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Background: Health literacy is a critical mediating factor that impacts on the health of older adults. Patient and public involvement in health and social care research, policy and design of care delivery is one mechanism that can promote production of better health literacy. This mapping review looks for and describes practices, concepts and methods that have been reported involving patients, public and (non-researcher) professionals in the development and design of health literacy interventions for older people.

Methods: Studies that aimed to improve health literacy were identified within a previously created compatible inventory of health behaviour studies for older people. Articles were screened for whether they addressed health literacy and featured involvement of stakeholders other than investigators and patients. Two reviewers independently read each study to identify any patient, public and professional involvement in the research process. We also noted some aspects of outcomes.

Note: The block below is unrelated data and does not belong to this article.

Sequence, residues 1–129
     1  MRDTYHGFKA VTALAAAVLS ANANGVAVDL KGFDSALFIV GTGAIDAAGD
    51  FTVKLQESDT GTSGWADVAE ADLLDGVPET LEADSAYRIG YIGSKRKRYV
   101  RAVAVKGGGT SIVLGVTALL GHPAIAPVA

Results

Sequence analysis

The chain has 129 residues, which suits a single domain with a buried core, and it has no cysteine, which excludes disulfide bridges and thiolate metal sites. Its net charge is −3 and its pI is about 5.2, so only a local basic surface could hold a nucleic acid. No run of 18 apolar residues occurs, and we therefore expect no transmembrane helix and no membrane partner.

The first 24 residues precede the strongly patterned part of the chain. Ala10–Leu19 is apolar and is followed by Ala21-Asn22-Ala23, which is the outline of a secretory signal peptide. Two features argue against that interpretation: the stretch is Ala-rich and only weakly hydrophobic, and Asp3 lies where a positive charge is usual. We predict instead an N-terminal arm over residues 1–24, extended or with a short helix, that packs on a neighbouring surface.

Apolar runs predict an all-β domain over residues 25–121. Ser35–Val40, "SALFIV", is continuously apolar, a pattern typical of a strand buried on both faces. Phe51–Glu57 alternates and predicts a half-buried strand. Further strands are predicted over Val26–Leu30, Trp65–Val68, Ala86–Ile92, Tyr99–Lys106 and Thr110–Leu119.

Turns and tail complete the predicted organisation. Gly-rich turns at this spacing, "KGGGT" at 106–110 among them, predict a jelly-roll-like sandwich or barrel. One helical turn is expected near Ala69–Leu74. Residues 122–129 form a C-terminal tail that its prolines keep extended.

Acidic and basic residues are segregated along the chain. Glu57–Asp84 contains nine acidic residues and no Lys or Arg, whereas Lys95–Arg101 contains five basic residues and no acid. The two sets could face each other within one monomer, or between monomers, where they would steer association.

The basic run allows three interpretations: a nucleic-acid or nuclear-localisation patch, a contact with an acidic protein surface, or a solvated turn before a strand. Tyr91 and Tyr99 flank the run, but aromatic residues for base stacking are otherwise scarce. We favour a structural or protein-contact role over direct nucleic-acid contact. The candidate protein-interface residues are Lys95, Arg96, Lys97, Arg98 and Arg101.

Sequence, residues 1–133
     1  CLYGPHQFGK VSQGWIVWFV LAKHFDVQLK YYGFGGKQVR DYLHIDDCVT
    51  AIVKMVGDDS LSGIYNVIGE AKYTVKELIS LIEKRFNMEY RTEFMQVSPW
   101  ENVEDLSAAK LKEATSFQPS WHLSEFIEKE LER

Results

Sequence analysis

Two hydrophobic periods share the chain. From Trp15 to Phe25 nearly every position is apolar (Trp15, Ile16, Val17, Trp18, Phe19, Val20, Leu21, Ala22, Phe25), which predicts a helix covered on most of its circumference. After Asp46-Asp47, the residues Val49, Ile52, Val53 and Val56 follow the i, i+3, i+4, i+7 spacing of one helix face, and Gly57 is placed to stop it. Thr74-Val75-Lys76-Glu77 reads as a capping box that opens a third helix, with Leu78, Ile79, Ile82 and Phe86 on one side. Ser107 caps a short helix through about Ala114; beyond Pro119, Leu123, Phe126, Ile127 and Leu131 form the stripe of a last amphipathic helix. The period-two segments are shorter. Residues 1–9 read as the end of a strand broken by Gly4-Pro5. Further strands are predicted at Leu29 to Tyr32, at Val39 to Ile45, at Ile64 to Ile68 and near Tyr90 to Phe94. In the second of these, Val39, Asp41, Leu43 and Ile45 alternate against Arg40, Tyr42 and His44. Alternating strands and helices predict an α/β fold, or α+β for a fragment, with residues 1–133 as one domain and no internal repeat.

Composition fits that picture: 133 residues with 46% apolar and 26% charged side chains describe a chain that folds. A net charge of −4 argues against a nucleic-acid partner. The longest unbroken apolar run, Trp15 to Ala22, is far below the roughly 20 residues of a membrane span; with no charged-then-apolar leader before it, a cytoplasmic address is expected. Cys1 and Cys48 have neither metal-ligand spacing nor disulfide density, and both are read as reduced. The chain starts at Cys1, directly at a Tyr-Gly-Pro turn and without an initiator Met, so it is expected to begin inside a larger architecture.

Results: Twenty-two studies included patient, public and/or professional involvement in at least one research domain: design, management or evaluation. Involvement included volunteers, older people, professionals, patients, and community representatives. All studies were driven by an organisational or biomedical agenda.

Conclusions: Patient, public and professional involvement wasrarely reported in studies on health literacy interventions for older people. This could help explain why some interventions fail to improve health literacy in older people.
Key words – health literacy intervention research, older people, patient and public involvement, mapping review
Original languageEnglish
Article number31
JournalResearch Involvement and Engagement
Publication statusPublished - 20 Dec 2017


  • Health literacy intervention research
  • Older people
  • Patient and public involvement
  • Mapping review

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